Samik Basu received funding for an NSF project entitled, "RI: III: SHF: Small: Multi-Stakeholder Decision Making: Qualitative Preference Languages, Interactive Reasoning, and Explanation." The project duration is three years with the intended award amount of $299,184 to Iowa State University.
Abstract: The ability to express and reason about preferences over a set of alternatives is central to rational decision-making in a broad range of applications, such as product design, public policy, health care, information security, and privacy, among others. Because of the lack of quantitative preferences in many practical settings, there is increasing interest in methods for representing and reasoning with qualitative preferences. Furthermore, practical decision making scenarios typically involve multiple stakeholders, with possibly conflicting preferences, and the preferences of some stakeholders may sometimes override those of others, e.g., because of the relative positions of the stakeholders within an organization. However, existing preference languages and methods are limited to the single stakeholder setting. Against this background, this project brings together a team of researchers with complementary expertise in formal methods, artificial intelligence, and preference reasoning to develop methods and tools for representing and reasoning with multi-stakeholder preferences. The practical open-source multi-stakeholder decision support tools resulting from the project will significantly lower the barrier to the applications of AI and formal methods for multi-stakeholder decision making in a number of domains. The project enhances research-based training of graduate and undergraduate students, including females and members of other under-represented groups, at ISU and PSU in artificial intelligence, formal methods, and related areas of national importance. Broad dissemination of research results (including publications, open source software, data, tutorials, course materials), incorporation of research results into undergraduate and graduate curricula in Computer Science, Information Sciences and Technology, Data Sciences, and related disciplines, and outreach to targeted application domains e.g., health, public policy, security and privacy, that would benefit from advanced tools for multi-stakeholder decision-making further enhance the broader impacts of the project.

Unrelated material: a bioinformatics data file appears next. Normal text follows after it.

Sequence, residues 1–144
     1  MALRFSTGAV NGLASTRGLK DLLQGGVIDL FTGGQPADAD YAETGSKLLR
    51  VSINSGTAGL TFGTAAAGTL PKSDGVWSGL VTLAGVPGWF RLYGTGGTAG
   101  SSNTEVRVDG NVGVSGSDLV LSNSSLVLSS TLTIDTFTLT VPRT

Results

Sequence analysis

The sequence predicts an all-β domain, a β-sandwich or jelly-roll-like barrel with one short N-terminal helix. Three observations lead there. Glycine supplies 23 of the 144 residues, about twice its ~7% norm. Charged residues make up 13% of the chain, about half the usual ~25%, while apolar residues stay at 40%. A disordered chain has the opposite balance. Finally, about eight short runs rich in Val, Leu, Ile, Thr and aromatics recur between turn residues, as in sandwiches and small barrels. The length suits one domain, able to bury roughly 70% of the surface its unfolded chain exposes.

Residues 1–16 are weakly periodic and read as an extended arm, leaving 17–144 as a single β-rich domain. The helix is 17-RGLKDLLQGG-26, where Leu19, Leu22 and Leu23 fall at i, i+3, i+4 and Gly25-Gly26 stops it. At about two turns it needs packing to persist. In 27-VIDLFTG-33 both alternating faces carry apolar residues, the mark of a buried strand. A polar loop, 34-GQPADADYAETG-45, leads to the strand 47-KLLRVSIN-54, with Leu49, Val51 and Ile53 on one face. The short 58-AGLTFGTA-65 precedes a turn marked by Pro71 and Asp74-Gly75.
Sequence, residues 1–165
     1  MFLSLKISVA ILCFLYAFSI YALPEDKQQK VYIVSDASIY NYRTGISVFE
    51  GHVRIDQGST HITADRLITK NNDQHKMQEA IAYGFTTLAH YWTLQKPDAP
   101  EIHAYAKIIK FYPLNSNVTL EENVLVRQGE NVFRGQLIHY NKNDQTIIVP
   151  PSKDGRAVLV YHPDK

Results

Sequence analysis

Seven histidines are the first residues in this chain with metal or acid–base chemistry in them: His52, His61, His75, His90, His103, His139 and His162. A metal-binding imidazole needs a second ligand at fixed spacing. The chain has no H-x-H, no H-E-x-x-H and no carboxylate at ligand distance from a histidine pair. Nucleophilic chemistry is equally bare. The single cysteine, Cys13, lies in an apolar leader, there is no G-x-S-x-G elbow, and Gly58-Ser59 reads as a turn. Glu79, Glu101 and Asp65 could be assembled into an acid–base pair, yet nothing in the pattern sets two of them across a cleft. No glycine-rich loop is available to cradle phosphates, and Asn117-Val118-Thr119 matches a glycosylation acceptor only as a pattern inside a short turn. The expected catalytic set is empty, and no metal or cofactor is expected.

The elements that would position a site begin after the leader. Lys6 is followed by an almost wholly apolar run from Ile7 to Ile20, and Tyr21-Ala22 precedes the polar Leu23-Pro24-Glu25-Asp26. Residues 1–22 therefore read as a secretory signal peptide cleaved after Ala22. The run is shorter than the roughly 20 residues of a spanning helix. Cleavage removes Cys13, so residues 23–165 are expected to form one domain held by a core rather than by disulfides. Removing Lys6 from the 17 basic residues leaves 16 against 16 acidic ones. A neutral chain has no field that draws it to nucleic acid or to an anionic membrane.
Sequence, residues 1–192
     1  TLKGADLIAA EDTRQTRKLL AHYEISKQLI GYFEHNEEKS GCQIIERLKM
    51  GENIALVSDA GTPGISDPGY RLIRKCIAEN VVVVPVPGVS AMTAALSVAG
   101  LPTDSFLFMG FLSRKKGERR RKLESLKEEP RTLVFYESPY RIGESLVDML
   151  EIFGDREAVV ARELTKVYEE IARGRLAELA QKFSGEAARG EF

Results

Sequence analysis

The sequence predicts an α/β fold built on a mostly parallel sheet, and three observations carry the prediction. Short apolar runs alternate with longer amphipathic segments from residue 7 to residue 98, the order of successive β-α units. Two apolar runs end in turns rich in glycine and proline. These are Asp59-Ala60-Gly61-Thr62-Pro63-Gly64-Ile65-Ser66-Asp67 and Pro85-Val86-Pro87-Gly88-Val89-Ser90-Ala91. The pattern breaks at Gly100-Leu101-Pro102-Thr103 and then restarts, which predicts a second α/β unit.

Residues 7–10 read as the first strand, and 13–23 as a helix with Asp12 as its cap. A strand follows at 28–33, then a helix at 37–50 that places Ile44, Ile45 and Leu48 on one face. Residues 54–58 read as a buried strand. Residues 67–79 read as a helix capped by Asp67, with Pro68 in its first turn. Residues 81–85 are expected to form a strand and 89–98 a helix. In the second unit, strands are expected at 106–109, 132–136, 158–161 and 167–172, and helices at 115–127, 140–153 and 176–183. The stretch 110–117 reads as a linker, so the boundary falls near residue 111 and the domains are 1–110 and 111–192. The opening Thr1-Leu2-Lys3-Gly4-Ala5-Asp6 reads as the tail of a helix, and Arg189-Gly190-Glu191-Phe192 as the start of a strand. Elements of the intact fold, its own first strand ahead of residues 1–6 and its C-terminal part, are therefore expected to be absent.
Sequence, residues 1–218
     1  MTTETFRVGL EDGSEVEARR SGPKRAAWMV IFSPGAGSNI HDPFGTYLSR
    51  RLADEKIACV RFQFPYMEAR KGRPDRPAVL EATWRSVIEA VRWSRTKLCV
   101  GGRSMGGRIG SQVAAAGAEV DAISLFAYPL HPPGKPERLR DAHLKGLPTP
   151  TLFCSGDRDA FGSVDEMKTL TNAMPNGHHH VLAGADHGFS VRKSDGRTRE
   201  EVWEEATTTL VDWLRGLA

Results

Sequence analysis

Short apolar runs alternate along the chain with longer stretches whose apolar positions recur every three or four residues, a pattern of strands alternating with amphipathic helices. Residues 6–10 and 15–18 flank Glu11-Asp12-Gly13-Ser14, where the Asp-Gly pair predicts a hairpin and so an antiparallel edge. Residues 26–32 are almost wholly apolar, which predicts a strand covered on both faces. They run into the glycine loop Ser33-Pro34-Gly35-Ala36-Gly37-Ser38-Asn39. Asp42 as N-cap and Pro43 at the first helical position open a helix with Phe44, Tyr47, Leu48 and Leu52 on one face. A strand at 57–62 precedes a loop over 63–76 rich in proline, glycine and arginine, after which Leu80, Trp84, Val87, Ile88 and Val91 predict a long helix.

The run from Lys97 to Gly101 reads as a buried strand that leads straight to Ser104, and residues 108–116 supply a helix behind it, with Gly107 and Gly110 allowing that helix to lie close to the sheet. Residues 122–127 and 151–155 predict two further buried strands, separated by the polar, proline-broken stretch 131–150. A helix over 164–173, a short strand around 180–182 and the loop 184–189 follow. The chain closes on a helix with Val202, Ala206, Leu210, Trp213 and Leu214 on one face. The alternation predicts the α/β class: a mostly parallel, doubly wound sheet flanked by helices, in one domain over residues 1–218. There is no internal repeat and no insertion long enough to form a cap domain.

The primary intellectual merit of the project centers around substantial advances in the current state-of-the-art in languages, algorithms, and software for multi-stakeholder representation and reasoning with preferences. The researchers will develop Generalized Conditional Relative Importance and Preference Theory (GCRIPT), an expressive language for multi-stakeholder preference representation that subsumes existing preference languages. The resulting preference reasoners will be able to (a) analyze preferences expressed in GCRIPT, (b) reason with the preferences of multiple stakeholders, taking into account not only their individual preferences, but also hierarchies that give precedence to the preferences of some stakeholders over those of others, and (c) offer easy-to-understand explanations of the preferred choices as well as their impacts on the stakeholders. The project will also enhance the underlying model checking techniques that form the core technology for the preference reasoning framework; e.g., in the areas of incremental model checking, counter-example analysis and justification. The resulting advances in knowledge representation and formal methods contribute to AI systems that substantially augment and extend human capabilities in multi-stakeholder decision making.